The NFL Players Association may have to defend how it represented retirees during the 2011 lockout, two federal appeals court judges strongly suggested last week, an outcome that could dramatically change the union’s responsibilities to former players.
A lower court last year dismissed a case brought by retirees alleging that the NFLPA, in striking the current collective-bargaining agreement, interfered with the former players’ then-concurrent negotiations with the NFL, thus depriving them of $600 million and medical monitoring.
|Carl Eller, shown in 2011, leads the lawsuit by the retirees.
The case is Carl Lee Eller, et al v. NFL Players Association, et al.
“This is starting to sound like a breach of duty, wrongful-conduct case,” Judge C. Arlen Beam said during last week’s hearing in St. Paul, Minn.
While that might sound mundane, it could be notable here, because in collective bargaining, a union has no official duty to retirees, and that’s the core legal defense of the union in this case. What two of the three judges contended is that the union may indeed have an obligation to the retirees — outside of labor law.
“I am not talking about labor law; we are outside that box,” said Judge James Loken, responding to the union lawyer who protested that the case could not proceed under well-established labor law. “I care about the environment of collective bargaining in the United States, which for a century has included active employees recognizing their own future in the offing, and voluntarily negotiating benefits for retirees. … The common law has been evolving toward duties for about 200 years. Why isn’t this a perfectly good environment to say common law does stretch this far?” he asked.
The union’s lawyer, Andrew Tulumello, later protested, “I would submit, your honor, that would be a virtually unprecedented decision to say there would be a tort duty.” A tort duty is when a person or organization has a legal responsibility to represent another in a reasonable and fair way. While the NFLPA has negotiated retiree benefits before, it has done so voluntarily and has been seen as shielded from lawsuits over its role because it owes retirees no legal duty.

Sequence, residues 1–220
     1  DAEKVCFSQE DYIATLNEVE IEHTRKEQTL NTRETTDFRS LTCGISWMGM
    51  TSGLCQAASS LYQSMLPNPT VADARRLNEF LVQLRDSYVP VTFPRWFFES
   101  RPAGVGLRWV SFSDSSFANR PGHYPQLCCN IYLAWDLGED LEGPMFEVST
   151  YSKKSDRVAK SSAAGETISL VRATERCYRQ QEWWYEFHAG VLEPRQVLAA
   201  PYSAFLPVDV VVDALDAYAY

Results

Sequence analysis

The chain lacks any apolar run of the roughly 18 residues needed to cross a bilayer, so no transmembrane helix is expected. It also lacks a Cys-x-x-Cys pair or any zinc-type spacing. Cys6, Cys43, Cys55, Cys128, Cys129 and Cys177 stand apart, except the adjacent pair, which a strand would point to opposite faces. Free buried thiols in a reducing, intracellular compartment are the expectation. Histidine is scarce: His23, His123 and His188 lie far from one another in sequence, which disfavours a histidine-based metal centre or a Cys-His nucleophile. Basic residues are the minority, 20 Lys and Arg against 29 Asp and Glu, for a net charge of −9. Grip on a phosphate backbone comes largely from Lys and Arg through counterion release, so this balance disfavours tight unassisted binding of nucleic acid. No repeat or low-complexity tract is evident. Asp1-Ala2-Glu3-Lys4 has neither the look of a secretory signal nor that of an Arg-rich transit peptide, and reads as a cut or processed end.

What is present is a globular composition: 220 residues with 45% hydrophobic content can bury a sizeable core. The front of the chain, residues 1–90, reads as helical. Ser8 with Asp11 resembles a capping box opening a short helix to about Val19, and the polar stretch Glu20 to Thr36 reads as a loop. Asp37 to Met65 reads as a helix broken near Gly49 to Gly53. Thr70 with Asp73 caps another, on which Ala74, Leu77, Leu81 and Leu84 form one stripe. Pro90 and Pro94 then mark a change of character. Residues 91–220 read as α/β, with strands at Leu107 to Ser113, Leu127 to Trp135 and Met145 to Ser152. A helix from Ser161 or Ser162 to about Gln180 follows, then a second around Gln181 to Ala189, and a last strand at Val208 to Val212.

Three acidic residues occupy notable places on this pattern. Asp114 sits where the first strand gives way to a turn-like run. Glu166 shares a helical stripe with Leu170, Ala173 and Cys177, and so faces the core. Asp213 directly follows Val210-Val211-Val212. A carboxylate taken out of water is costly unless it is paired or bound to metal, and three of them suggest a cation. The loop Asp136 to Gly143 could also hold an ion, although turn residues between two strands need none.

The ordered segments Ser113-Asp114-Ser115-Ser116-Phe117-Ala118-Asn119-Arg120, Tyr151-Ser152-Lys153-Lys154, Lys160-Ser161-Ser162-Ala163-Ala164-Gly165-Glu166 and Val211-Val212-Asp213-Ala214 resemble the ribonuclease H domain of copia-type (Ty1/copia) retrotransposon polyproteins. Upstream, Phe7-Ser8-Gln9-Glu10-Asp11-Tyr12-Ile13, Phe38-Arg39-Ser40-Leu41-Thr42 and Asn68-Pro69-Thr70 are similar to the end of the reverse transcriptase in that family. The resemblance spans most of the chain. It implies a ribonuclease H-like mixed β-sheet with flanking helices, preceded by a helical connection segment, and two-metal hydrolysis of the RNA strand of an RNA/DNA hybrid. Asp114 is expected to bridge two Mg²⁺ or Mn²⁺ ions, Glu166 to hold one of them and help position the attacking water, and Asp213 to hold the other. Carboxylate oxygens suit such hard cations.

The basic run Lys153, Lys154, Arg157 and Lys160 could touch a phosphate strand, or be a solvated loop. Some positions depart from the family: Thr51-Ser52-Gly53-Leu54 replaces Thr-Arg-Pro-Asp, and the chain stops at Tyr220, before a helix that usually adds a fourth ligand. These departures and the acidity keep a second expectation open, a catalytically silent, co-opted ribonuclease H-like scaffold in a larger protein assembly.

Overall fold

Loken responded, “It is going to be virtually unprecedented, whichever way we decide it, whichever court decides it.”
The retirees contend that the active players kept them out of mediation in 2011, illegally negotiating on their behalf and then cementing inferior benefits in the CBA, meaning they could not be challenged. Those benefits, the retirees contend, were $600 million less than the NFL offered before the lockout and did not include other terms that had been offered.
“You guys built a wall for the NFL to hide behind,” Loken told Tulumello, meaning the active players had ensured the NFL would not have to negotiate more retiree benefits during the 10-year term of the CBA. Beam added his assent to the perspective.
The NFLPA does appear to have an ally in Judge Kermit Bye, who spoke little but when he did sided with the union.
Bye in 2011 dissented when an 8th Circuit appeals panel stayed a lower court decision invalidating the lockout. That lower-court ruling came from the same district court judge, Susan Nelson, who last year dismissed this case.
Gary Roberts, a former NFL outside counsel and dean of the Indiana University School of Law, said he agreed with the NFLPA that the case should be governed by labor law and dismissed. But if it does go back to the lower court, he said, it could become a headache for the union by exposing the group to discovery and reopening the at-times messy 2011 labor process.
Jeffrey Kessler, an outside counsel for the NFLPA who was a key adviser during the 2011 CBA process, declined to comment.